This sequel to the daddy of all rock musicals is a chip off the old block.

It’s fitting that Shock Treatment, the equal (yes, equal) to the cult behemoth Rocky Horror Picture Show, is getting its stage premiere at the King’s head Theatre. The stage version of Richard O’Brien’s rather more famous work debuted at the Royal Court Upstairs in 1973, see. Oh, how mighty oaks from little acorns grow. OK, acorns and a bunch of borrowed sound equipment, so the story goes.

Don’t come and see it for star billing Mark Little. It’s impossible to go about this review without starting there. He’s badly cast, under-rehearsed, bellows rather than sings, overgesticulates, shows no sign of knowing the final song Anyhow, Anyhow and can’t rock a little black dress. This will especially pain those of us who grew up with seeing him in Neighbours. But Joe Mangel was never sexy and, God love him, he hasn’t changed.

So, back to the show. Three resplendent audience nurses, immaculate glittery red Magenta eyebrows arching in unison, sing along to every word. Brad and Janet, who were thick as thieves at the end of Rocky, are still married but several years have passed and it’s not going well: Janet has got a promotion while Brad lost his job. This leaves Brad who, let’s face it, was never very butch in the first place, totally emasculated. Janet tells her friend Betty this, and now they’re appearing on Betty’s reality TV show to try and sort it out. Whilst Betty and her overtly camp husband Ralph go through an off-air divorce, incestuous siblings Nation and Cosmo McKinley decide the best course of treatment for Brad’s flagging libido is shock therapy.

Ben Kerr’s Brad Majors is a joy. He dances and sings with poignance, somehow bringing credibility to the line “How’s a guy to stay sane with just four walls and a vacuum cleaner for company?” Watch out for him elsewhere. Meanwhile, the Kinley siblings are in keeping with all that is good about Rocky. As Cosmo, Adam Rhys-Davies (whom you might have seen on Live at the Electric hosted by Russell Kane) delivers the incredibly loaded and sinister line “You’re no good” whilst Nic Lamont’s Nation proves she’s anything but.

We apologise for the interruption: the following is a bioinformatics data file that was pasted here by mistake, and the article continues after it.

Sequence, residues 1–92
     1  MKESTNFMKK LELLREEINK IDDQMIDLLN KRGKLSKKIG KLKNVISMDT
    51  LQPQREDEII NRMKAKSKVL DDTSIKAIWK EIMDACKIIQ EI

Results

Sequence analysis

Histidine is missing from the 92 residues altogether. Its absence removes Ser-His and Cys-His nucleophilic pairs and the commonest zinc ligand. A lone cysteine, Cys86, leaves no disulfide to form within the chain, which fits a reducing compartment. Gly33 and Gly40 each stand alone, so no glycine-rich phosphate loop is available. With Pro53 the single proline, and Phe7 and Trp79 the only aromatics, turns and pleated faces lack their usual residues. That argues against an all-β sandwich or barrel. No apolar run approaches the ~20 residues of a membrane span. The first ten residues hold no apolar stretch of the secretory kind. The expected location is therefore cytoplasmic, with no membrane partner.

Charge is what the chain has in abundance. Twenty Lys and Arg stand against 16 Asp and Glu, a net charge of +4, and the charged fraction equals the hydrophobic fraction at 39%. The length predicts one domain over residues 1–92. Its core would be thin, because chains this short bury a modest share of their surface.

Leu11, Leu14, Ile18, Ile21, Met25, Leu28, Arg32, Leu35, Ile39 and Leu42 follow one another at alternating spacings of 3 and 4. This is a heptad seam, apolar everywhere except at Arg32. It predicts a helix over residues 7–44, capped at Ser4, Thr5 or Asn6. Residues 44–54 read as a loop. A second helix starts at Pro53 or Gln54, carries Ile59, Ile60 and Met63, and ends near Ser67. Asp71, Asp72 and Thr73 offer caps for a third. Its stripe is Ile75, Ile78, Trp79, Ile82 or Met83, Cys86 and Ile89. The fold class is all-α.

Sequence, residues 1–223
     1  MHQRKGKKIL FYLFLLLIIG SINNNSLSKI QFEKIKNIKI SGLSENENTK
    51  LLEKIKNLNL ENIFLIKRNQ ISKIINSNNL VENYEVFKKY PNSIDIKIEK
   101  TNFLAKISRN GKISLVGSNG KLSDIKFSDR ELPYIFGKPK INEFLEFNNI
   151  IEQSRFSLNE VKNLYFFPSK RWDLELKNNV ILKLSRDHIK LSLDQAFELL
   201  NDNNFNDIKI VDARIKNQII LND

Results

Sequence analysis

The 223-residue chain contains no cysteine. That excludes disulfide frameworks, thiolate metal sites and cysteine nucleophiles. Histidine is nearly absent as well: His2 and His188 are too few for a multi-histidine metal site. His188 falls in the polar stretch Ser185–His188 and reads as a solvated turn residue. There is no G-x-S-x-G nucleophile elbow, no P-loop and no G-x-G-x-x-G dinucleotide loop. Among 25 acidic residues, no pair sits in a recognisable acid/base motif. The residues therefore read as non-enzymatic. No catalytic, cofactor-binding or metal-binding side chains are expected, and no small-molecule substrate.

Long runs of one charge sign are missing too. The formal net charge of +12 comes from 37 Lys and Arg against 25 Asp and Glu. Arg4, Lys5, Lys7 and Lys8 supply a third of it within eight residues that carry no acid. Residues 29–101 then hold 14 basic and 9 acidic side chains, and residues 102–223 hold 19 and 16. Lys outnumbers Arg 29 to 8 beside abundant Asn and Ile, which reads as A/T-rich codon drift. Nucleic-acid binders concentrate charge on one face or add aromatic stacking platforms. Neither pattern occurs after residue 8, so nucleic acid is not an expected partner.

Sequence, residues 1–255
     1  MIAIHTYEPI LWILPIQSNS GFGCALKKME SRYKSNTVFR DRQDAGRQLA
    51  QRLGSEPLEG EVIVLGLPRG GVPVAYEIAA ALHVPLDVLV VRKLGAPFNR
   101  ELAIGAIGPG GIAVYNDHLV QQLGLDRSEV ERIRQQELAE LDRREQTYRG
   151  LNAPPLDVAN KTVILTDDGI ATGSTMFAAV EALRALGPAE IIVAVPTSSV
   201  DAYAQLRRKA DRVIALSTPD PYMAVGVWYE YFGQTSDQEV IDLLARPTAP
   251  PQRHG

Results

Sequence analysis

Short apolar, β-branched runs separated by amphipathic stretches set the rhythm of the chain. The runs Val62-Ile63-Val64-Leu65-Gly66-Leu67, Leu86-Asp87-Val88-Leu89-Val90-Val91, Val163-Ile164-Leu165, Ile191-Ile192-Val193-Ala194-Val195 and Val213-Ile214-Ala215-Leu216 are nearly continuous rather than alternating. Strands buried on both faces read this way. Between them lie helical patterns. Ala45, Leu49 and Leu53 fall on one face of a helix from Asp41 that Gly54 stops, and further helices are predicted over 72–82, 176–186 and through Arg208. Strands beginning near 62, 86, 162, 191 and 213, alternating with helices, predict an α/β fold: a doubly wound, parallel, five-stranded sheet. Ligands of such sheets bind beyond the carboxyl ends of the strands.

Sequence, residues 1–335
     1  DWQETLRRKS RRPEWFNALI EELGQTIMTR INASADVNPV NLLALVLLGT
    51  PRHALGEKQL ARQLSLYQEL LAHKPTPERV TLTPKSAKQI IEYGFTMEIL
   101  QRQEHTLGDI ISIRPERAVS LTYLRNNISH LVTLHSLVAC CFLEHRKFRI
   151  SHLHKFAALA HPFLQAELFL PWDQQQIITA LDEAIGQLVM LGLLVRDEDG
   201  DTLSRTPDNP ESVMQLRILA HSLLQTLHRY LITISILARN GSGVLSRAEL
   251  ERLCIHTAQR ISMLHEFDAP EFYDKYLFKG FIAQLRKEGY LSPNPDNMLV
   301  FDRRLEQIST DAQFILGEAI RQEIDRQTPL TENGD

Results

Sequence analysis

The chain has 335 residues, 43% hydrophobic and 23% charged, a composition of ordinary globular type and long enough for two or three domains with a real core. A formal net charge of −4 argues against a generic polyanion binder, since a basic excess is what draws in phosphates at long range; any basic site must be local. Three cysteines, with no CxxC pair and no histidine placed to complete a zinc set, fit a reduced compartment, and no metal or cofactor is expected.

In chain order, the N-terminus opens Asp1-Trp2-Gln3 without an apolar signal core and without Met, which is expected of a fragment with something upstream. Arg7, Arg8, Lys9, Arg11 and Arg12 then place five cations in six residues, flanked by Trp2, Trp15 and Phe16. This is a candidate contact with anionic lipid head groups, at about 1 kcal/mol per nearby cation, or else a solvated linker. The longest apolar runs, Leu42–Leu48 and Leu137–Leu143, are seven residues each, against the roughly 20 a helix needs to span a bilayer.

Mateo Oxley’s Ralph never goes too far yet still manages to briefly snog Mark Little, which is refreshing. It would be easy to revel, to turn the dial up too high, but the Oxley’s turn on Thank God I’m A Man is a highlight of the evening. Julie Atherton as Janet is given free reign to explore how unvirginal her original incarnation can go here. We should gloss over her motives, as they’re wholly unclear, but she has an amazing set of both legs and vocal folds which she has considerable command over.

Richard O’Brien has done himself justice lyrically. Little Black Dress differs but infinitesimally from Time Warp (and much of that is down to Lucie Pankhurst’s clipped, cheeky choreography (although, if pushed, I could have done without Janet’s repetitive crucifix pose) and Carte Blanche is pretty much Hot Patootie (Bless My Soul) but these are of course very good things. If the solemnity of Rocky feels like it’s been lost somewhat, one can only remark that times have changed. Transvestite isn’t as risqué like it used to be. I predict it won’t be long before a new-fangled question-and-answer audience script is written by adoring fans, and punters show up with white-rimmed minion-esque Nation and Cosmo glasses, wired shock therapy helmets and Denton USA T-shirts.

So there we have it. Don’t expect major plot twists. Do expect to love it anyway.

Shock Treatment. Written by Richard O’Brien. King’s Head Theatre, London N1 1QN. Until 6 June. Shows at 7pm, also Sunday matinees (3pm) and midnight performances.